As I have pointed out time and again, vaccines do not cause autism. The evidence is overwhelming that vaccines have no connection with autism. But the antivaxxers are loud, well-funded, and get a lot of media sympathy.
That’s why Alison Singer is such a brave woman: she was the executive vice president of communications and awareness at Autism Speaks, a group that seeks to raise awareness of autism and look into its causes. From looking over their website, they seem to try to appear to be supportive of science, but over and over again they point toward investigating vaccines as a cause or trigger of autism.
And that’s why I said Ms. Singer was their VP: she just resigned from the group because they won’t stop investigating vaccines, long after the science is in. In a Newsweek interview with her, she said:
In general, I disagree with a policy that says, “Despite what this study shows, more studies should be done.” At some point, you have to say, “This question has been asked and answered and it’s time to move on.” We need to be able to say, “Yes, we are now satisfied that the earth is round.”
Cut! Print! That is precisely right. Antivaxxers are not basing their conclusions on reason; it is a religious belief with them. Anything showing they’re wrong — and they are wrong — is ignored, or downplayed, or distorted.
I will take reservation with one of Ms. Singer statements, however: if there were unlimited funding, she said, then we should study vaccines more. Since the funding is limited, it should be spent on other things.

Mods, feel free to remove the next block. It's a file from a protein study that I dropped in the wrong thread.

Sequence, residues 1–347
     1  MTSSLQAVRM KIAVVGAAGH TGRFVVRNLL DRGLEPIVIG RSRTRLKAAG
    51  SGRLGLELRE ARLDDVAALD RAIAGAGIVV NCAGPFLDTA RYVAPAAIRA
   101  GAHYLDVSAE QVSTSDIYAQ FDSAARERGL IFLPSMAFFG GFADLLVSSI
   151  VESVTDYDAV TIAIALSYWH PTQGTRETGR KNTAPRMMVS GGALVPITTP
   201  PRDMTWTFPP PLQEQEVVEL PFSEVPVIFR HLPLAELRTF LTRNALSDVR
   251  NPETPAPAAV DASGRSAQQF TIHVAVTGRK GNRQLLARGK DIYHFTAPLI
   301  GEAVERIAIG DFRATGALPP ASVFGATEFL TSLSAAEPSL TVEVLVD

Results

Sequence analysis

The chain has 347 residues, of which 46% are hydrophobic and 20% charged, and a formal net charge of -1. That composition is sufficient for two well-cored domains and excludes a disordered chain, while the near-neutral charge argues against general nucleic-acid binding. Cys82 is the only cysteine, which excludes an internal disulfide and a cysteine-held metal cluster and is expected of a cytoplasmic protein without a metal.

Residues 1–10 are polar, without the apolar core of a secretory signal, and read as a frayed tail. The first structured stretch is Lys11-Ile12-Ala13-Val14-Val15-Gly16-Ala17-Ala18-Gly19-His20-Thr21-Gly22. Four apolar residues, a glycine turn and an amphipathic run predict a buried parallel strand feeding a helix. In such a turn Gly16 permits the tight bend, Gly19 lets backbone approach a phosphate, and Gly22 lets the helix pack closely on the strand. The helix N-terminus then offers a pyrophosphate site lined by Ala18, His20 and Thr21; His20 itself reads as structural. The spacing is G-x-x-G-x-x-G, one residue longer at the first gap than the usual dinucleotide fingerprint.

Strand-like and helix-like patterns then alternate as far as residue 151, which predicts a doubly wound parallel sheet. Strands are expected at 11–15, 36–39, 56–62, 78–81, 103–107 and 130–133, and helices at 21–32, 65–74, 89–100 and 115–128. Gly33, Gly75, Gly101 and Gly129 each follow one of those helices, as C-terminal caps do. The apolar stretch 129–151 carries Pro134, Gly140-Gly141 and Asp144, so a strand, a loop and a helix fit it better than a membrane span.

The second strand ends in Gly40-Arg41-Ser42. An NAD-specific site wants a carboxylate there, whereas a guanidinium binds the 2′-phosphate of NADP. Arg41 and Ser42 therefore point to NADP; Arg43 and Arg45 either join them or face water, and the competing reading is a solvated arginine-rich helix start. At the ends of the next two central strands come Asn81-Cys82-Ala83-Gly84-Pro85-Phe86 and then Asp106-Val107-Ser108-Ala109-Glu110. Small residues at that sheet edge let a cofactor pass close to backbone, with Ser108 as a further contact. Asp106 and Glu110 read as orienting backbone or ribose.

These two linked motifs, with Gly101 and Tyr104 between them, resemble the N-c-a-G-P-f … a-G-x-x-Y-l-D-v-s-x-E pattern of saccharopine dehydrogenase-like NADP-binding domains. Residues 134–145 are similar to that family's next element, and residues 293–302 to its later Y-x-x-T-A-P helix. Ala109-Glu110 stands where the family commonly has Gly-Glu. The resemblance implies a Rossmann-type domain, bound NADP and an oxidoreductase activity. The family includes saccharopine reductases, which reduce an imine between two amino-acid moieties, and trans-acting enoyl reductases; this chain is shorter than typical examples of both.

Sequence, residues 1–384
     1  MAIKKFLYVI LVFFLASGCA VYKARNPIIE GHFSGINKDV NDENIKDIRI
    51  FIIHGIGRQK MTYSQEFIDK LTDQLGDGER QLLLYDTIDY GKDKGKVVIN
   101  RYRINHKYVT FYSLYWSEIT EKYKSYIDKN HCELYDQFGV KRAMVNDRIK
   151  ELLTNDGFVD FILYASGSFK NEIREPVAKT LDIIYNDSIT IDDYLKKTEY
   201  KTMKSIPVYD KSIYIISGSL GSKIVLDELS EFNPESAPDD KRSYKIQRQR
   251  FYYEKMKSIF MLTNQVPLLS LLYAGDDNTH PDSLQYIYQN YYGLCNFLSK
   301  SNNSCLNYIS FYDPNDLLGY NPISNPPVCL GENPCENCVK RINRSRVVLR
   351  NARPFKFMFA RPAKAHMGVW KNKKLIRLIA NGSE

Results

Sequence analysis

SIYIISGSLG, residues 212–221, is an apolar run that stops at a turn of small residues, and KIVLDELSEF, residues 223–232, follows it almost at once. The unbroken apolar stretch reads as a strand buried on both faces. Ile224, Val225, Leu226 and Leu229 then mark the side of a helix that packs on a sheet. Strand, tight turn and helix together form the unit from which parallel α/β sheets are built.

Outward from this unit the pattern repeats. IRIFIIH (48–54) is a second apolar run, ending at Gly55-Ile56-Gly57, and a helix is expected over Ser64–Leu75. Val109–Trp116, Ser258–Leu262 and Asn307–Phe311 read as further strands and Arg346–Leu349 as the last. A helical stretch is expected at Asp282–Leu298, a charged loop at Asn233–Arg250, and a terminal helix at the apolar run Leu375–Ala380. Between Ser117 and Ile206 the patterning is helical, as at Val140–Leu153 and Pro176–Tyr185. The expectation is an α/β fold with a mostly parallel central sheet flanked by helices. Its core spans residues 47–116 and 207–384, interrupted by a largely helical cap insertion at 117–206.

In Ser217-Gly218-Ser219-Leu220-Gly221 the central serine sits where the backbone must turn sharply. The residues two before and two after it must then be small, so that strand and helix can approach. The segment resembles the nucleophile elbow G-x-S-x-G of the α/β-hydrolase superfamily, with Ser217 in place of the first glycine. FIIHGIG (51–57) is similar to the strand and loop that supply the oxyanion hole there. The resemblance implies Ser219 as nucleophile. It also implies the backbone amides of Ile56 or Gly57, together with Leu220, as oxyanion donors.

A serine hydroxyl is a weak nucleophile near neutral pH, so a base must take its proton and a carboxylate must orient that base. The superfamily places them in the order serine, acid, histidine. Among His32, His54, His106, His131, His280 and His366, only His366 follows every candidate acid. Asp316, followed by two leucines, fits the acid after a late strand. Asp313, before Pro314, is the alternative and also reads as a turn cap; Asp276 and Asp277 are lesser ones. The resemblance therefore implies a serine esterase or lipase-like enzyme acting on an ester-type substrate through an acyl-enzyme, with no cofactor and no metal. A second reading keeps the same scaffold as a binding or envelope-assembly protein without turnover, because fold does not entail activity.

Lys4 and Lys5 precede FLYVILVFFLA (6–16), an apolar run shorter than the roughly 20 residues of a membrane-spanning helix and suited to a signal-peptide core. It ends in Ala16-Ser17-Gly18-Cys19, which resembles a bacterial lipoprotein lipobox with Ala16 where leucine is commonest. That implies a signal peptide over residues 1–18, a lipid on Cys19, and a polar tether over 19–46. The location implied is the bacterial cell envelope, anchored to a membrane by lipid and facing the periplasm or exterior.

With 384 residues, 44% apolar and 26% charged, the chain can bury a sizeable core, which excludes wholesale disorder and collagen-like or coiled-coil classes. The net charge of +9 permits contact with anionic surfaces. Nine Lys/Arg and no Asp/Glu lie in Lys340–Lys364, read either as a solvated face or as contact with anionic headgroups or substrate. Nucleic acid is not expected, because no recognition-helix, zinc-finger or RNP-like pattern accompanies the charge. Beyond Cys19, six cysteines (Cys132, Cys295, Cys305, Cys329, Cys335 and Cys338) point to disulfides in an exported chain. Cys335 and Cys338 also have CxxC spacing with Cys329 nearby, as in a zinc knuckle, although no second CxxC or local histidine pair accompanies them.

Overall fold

I disagree strongly with that. It’s equivocating; it doesn’t matter how much funding there is. If the science is conclusive, it’s conclusive. Throwing more money at a problem that doesn’t exist cannot solve it.
So I’m happy with Ms. Singer’s brave decision to resign, and very happy she states so strongly that the scientific research shows no causal link between vaccines and autism. I wish she hadn’t backed down from that somewhat, but her other statements and her actions show what needs to be done to fight antiscience, and to expose the people and groups that are so vehemently putting our children at risk of deadly diseases.
Tip o’ the needle to BABloggee Danny Chamberlin.
Links to this Post
- The Drinking Bird | January 17, 2009
- News From Around The Blogosphere 01.17.09 « Skepacabra | January 18, 2009
- Alison Singer: autism hero | MamentoMori | January 18, 2009
- Tips to Recognize the Presence of Hazardous Materials | Chemical Agents | May 23, 2009
- Antivax epidemic | Bad Astronomy | Discover Magazine | August 24, 2009